A long-time US
Airways flight attendant was recently subjected to the increased search, but her security screening soon became a little more invasive than most. The flight attendant—Cathy Bossi—is also a breast cancer survivor who now wears a prosthetic breast. Well the TSA wasn’t too tactful when it came to ensuring this woman’s dignity, as after the security officer put her hand on the woman’s breast, the flight attendant was forced to remove the prosthesis from her bra. We realize terrorists could be hiding things inside prostheses, but a little common sense and compassion would go a long away in a situation like this. Plus, she's a flight attendant.
Another traveler had a similar situation when it came to her prosthetic
breast, and this time—in the passenger’s words—the TSA worker moved the
prosthesis up, down, left, and right in view of other passengers as part of the pat down procedure. This passenger—Marlene McCarthy—is now determined to toss her prosthesis right into the gray bin along with her electronics and liquids next time, as she feels the embarrassment will be on the TSA for once and not on her.
We don’t want to claim that one person’s embarrassment is greater than
someone else’s, but one passenger flying out of Detroit-Metro airport had a particularly awful experience with the TSA screeners. Thomas Sawyer—yes, that’s his name—had successfully survived bladder cancer, but he wasn’t able to survive the TSA pat down.
After being taken to a private area for the pat down—following some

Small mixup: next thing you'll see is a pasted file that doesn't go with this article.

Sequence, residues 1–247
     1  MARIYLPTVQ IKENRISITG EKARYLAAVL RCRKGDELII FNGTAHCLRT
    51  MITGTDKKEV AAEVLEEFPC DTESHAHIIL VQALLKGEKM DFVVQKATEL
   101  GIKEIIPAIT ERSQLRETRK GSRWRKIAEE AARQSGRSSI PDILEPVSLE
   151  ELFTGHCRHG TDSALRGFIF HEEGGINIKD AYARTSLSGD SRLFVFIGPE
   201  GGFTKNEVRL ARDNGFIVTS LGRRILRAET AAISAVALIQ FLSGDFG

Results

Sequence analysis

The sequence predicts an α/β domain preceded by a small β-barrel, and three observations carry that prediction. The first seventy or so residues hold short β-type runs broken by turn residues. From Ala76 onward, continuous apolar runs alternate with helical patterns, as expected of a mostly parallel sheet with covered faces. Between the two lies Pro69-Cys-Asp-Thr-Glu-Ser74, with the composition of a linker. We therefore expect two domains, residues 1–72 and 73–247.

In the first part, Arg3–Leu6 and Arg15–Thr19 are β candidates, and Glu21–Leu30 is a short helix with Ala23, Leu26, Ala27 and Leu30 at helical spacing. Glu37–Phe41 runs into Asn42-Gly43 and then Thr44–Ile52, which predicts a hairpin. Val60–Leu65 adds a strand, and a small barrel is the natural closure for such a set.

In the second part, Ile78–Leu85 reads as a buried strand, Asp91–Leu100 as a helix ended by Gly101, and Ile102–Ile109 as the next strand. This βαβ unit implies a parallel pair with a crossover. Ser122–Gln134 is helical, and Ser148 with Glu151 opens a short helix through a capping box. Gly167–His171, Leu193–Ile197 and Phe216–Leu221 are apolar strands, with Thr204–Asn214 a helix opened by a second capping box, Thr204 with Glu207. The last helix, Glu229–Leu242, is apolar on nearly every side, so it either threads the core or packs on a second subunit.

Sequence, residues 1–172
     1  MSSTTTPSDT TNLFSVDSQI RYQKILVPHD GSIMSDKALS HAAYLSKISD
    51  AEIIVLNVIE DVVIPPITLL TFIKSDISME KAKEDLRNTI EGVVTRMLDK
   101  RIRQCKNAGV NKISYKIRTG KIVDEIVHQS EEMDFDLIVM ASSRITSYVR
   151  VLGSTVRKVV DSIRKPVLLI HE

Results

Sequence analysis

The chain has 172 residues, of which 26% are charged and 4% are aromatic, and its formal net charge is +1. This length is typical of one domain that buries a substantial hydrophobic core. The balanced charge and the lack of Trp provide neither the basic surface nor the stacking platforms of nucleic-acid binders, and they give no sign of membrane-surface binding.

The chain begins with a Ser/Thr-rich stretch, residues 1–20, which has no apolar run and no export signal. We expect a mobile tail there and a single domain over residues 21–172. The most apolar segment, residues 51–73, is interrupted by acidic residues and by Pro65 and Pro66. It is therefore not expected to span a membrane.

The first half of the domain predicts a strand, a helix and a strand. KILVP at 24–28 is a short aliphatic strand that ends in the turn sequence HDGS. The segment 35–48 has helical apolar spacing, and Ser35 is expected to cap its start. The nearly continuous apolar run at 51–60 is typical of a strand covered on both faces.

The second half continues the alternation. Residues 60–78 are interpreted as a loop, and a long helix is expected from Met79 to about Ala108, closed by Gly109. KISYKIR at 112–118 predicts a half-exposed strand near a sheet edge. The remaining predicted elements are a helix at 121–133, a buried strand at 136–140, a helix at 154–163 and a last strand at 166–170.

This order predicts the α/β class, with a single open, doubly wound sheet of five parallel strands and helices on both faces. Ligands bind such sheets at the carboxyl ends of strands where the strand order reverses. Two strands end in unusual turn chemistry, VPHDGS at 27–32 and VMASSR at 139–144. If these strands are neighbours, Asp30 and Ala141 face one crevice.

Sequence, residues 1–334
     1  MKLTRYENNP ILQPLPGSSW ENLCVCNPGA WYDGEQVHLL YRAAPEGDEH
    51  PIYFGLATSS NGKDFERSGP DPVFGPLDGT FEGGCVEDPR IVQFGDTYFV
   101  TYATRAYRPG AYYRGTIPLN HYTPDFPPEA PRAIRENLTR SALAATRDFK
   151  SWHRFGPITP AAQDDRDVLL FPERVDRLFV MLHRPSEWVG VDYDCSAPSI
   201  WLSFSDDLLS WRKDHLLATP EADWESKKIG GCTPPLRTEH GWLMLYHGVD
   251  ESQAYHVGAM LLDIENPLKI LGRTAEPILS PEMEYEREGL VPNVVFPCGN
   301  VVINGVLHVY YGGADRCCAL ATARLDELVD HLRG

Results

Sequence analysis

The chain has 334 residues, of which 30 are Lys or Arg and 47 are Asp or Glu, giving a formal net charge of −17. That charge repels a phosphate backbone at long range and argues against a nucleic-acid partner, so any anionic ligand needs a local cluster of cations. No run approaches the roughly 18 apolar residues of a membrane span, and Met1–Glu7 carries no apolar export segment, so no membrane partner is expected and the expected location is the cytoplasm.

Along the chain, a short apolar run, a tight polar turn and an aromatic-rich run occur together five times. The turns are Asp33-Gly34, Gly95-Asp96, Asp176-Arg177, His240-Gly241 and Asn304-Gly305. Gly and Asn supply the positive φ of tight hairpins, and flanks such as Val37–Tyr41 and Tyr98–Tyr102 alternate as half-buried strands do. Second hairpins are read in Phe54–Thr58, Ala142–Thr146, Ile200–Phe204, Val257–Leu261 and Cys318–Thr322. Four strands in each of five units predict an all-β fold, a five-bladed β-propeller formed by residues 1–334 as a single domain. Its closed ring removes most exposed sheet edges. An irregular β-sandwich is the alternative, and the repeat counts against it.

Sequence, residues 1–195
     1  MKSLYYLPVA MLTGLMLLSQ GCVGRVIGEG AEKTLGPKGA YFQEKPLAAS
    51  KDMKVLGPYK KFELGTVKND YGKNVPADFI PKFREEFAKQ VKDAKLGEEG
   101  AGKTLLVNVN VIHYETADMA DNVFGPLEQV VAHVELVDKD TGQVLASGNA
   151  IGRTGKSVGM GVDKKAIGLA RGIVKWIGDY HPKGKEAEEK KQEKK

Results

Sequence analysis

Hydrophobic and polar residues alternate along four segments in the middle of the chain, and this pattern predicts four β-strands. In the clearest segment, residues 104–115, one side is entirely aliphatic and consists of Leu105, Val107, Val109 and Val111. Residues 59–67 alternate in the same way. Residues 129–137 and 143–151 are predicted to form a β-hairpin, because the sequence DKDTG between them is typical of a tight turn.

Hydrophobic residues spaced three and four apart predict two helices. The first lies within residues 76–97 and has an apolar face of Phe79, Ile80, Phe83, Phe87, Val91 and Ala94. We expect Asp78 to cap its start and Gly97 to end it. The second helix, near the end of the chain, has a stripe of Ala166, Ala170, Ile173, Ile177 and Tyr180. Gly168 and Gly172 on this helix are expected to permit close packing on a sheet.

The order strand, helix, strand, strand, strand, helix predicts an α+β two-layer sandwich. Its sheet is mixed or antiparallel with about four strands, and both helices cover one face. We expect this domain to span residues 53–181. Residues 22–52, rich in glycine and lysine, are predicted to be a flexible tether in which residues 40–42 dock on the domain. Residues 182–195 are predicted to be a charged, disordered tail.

hesitation by the agents—he attempted to explain his medical condition and his need to use a urostomy bag. However, the agents clearly weren’t listening and, despite the warnings, the agents broke the seal on the bag causing urine to get all over this passenger just before his flight. We really feel for this guy and can’t imagine how anyone could totally ignore someone attempting to discuss a medical condition.
Velma Hart, a woman who got President Obama's attention when she said she was "exhausted" from defending him and his policies, has lost her job as chief financial officer with a Maryland-based veterans group.
There were no pat downs, no high-tech body scanners. There were simply two
small bags of milk. Just over 15 ounces, gone.
Any woman who has nursed or pumped will tell you the milk is liquid gold. It’s not a cutesy term; it’s an understatement. So you can imagine the way my heart sunk as I had to leave several servings of liquid gold with a security agent tonight at London’s Heathrow airport.
I had checked ahead: by all accounts, I could carry expressed milk on board internationally just as I often do domestically, even when traveling without a baby. Those accounts were
In this segment, I have already been in the glass cage for
about 8 minutes. My patience wears thin and I start crying. It is hard to see on this video, but real tears wouldn't stop streaming down my face. About 10 minutes into all this, a Phoenix PD comes to calm me down. I explain to him that there is no reason I should be treated this way and I have every right to be upset. He then says "they" (aka TSA) saw me coming, have it out for me (from my complaint against TSA the week before when they didn't know the breast milk rules then either), and I should travel out of a different gate in future weeks.
He said TSA wants me to play along with their horse and pony show and if I don't then TSA can have the Phoenix PD arrest me! Well, I wanted to get home to my baby and my flight was 30 minutes from departure so I 'played along.' Three Phoenix PD watched in the background...I could tell they all knew this was a waste of their time but I was happy to have them standing by in case TSA continued to act out of line. One police office actually came up to me later during my second screening asking if I was okay and if he could let anyone in my party know I was going to be late. A class act compared to the TSA actions.